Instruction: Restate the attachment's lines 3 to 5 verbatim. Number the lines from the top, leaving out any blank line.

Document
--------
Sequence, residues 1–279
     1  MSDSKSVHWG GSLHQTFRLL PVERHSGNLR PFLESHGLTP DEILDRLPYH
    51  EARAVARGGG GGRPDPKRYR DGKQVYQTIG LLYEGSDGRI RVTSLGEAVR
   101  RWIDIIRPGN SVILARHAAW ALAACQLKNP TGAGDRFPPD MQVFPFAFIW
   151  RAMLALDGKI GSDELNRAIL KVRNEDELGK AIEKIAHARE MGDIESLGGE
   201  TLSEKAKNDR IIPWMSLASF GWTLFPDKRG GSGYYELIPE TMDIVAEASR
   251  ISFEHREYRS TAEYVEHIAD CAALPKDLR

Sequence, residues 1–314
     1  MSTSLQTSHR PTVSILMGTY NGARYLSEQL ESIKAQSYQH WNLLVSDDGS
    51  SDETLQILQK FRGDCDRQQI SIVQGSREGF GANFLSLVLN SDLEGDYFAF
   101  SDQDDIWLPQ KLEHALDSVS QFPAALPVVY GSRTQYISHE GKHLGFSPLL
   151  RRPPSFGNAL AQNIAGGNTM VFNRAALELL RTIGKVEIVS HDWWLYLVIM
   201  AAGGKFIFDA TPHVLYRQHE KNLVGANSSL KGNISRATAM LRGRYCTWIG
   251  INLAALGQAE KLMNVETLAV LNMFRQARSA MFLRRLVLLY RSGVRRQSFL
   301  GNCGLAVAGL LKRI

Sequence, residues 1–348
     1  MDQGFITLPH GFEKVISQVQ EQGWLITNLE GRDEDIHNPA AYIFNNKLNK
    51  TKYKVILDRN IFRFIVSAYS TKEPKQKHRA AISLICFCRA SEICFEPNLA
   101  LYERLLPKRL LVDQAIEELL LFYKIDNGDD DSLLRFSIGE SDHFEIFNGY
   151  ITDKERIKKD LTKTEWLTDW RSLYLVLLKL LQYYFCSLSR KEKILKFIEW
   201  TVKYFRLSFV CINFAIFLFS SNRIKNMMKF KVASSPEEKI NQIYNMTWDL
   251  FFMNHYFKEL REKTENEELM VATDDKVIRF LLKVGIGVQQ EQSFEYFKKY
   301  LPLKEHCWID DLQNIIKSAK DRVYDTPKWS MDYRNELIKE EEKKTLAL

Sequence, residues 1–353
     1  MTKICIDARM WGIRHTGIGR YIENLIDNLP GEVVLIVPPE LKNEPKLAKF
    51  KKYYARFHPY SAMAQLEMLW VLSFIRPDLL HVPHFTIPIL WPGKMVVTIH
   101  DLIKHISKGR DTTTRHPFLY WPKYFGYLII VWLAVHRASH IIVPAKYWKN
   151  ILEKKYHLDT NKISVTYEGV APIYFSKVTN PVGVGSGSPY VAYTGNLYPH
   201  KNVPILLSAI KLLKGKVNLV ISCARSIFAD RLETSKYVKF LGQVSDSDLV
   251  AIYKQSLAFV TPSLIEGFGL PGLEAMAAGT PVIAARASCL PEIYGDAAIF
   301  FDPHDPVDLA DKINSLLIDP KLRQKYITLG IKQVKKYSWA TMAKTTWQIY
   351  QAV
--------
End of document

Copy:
    51  EARAVARGGG GGRPDPKRYR DGKQVYQTIG LLYEGSDGRI RVTSLGEAVR
   101  RWIDIIRPGN SVILARHAAW ALAACQLKNP TGAGDRFPPD MQVFPFAFIW
   151  RAMLALDGKI GSDELNRAIL KVRNEDELGK AIEKIAHARE MGDIESLGGE